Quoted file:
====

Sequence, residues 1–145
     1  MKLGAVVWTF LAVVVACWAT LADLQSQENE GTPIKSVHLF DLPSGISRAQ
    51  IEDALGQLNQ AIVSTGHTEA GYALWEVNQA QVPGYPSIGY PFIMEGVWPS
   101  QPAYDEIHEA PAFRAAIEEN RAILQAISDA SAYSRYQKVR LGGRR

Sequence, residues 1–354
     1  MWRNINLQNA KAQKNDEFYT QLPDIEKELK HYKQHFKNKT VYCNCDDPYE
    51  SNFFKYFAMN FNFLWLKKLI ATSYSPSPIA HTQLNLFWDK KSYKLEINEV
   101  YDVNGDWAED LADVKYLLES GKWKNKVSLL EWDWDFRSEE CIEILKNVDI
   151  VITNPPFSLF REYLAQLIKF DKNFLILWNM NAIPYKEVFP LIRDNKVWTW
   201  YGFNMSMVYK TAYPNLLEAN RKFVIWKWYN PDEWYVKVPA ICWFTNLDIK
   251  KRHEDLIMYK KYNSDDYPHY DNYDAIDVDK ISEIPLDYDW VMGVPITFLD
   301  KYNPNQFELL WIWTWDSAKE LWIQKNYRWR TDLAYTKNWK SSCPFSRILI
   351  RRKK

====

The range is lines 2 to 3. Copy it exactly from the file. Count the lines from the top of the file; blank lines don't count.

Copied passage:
     1  MKLGAVVWTF LAVVVACWAT LADLQSQENE GTPIKSVHLF DLPSGISRAQ
    51  IEDALGQLNQ AIVSTGHTEA GYALWEVNQA QVPGYPSIGY PFIMEGVWPS